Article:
When A.J. Pollock broke his elbow two days before Opening Day, the Diamondbacks were a trendy sleeper pick for the NL West. They’d taken a roughly .500 team and splashed $206 million on Zack Greinke, then traded three young players, including no. 1 pick Dansby Swanson, for Shelby Miller, a 25-year-old coming off a 205.1-inning season with a 126 ERA+. The Diamondbacks paid handsomely for two top-notch starting pitchers who, along with a fully healthy Patrick Corbin (the 27-year-old former All-Star lefty who’d returned from Tommy John in July 2015), would make for a playoff-worthy rotation. Meanwhile the defending division champion Dodgers had gone backward, losing Greinke and replacing him with an expensive array of body parts that, if not for pesky medical ethics considerations, could be sewn together to create one healthy, effective pitcher but did little to help in the short term.
Five months later, Pollock returns to the twisted, shattered, overgrown-with-moss wreckage of a season that started out bathed in optimism, but could end in regime change.
Certainly Pollock’s injury undercut Arizona’s playoff ambitions from the start: Losing a player like Pollock, a plus defensive center fielder who hit .315/.367/.498 last season, would have hurt any team in baseball. But Greinke and Corbin are having rough years, and Miller’s 7.14 ERA got him banished to Triple-A (at least for now; at this rate he’ll be exiled to the Chateau d’If by season’s end), and with Swanson now on Atlanta’s big league roster, that trade looks worse every day. Between those big, attention-grabbing problems and a series of smaller but annoying ones — shortstop Nick Ahmed and right fielder David Peralta are both out for the season — Pollock’s return for the next month is a drop in the bucket. The effort required to even salvage a .500 season for this 55–76 team is beyond Pollock’s capacity to give. And it’s not like Pollock is demonstrating his fitness to free-agent suitors or even pumping up his stats for arbitration: The 28-year-old signed a two-year extension before the injury that locks him into a $6.75 million salary for 2017, and he won’t be a free agent for another year after that.
So why come back early from a gruesome and serious injury — and risk reaggravating it — to play out the last 30 games in a lost season? Why not take the full offseason to heal?
When Pollock first got surgery to fix his elbow, the return window stretched from three months to six, so even though the “season-ending” part of the report grabbed headlines back in April, he’s not actually making some ill-considered and self-destructive rush back from surgery; this is well within the range of expected outcomes. For all the deserved shit Arizona’s front-office staff takes, they know better than anyone how futile it would be to risk Pollock’s health by rushing him back, particularly after it came out that the failure of a similar 2010 injury to heal all the way contributed to the broken bone this year. Pollock himself told reporters on Friday that he wanted to rush back, but the team’s training staff forced him to take a more conservative approach. Moreover, because this is a broken bone and not a soft tissue injury, it’s easier to tell with an X-ray whether the bone is healed all the way; you don’t have to go by feel like you would with a torn muscle. If Pollock’s in the lineup, it’s because he and the Diamondbacks are confident that the risk of reinjury is too small to worry about.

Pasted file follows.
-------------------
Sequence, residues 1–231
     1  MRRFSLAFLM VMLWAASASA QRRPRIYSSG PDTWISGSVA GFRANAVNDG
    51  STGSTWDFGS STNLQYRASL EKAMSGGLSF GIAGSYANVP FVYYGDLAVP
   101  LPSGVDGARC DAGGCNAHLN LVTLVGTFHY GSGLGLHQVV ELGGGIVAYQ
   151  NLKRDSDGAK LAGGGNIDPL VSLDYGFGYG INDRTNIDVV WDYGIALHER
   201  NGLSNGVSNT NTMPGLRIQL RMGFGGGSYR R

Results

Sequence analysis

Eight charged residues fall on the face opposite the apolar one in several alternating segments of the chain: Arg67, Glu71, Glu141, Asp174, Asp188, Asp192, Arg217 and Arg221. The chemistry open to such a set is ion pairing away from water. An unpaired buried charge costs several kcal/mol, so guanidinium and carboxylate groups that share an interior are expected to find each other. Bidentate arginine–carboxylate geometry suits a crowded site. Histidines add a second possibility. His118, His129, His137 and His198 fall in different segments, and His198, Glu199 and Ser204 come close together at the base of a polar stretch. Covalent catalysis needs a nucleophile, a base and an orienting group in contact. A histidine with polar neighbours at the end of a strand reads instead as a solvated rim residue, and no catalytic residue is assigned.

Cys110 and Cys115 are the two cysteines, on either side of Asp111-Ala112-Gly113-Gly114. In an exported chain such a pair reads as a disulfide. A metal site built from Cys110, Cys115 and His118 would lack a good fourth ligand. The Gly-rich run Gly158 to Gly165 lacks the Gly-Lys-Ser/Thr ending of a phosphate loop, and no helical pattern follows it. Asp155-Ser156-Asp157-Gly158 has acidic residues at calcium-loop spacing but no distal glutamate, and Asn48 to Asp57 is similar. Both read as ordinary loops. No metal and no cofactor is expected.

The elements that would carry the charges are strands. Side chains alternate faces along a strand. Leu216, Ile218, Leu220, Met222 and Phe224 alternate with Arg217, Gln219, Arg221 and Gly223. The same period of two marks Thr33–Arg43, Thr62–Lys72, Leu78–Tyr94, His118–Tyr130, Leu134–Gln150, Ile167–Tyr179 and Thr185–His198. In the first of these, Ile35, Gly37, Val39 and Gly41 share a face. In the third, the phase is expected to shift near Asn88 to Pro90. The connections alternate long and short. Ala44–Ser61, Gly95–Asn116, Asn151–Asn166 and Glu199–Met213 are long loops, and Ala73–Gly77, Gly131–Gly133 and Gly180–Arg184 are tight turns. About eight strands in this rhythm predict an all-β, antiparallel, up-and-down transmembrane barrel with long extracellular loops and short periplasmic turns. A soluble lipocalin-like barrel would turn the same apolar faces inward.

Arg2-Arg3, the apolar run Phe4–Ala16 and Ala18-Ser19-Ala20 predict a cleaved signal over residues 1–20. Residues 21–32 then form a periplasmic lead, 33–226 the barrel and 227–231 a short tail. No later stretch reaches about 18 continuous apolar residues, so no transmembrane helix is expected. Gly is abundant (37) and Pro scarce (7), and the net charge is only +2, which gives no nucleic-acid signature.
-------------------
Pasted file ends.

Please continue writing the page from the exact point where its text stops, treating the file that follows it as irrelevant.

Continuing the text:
But even if that weren’t true, Pollock can help himself a great deal by playing this last month, irrespective of whether it’s too late to help his team. With the Diamondbacks out of the race, this is essentially a free five weeks for Pollock to shake off the rust against MLB pitching. Hitting big league pitching requires such delicate mental and physical adjustments that extended time off can be just as big an impediment as the physical injury that caused it. Pollock was game-ready when he broke his elbow five months ago, and he’ll have a little over a month to face live pitching before resuming a normal offseason routine and coming back ready to go next April. If he hadn’t come back now, Pollock would be going into Opening Day next year 18 months removed from his last meaningful at-bat. You can work out in the cage, or play games in spring training or winter ball, but there’s nothing quite like major league competition, and even a month of big league playing time cuts Pollock’s layoff going into 2017 by two-thirds. He can get his timing back, feel confident in his body, and boost his own morale heading into next season.
Morale is important — inactivity drives baseball players up the wall, which is another thing Pollock mentioned on Friday: If you’re a baseball player, not playing when you’re healthy enough to play just doesn’t feel right.
The next month might be meaningless when it comes to the standings this year, but Pollock can use it to get ready for next season. Since his arm is healthy enough to play, there’s no harm in letting him get his legs back under him.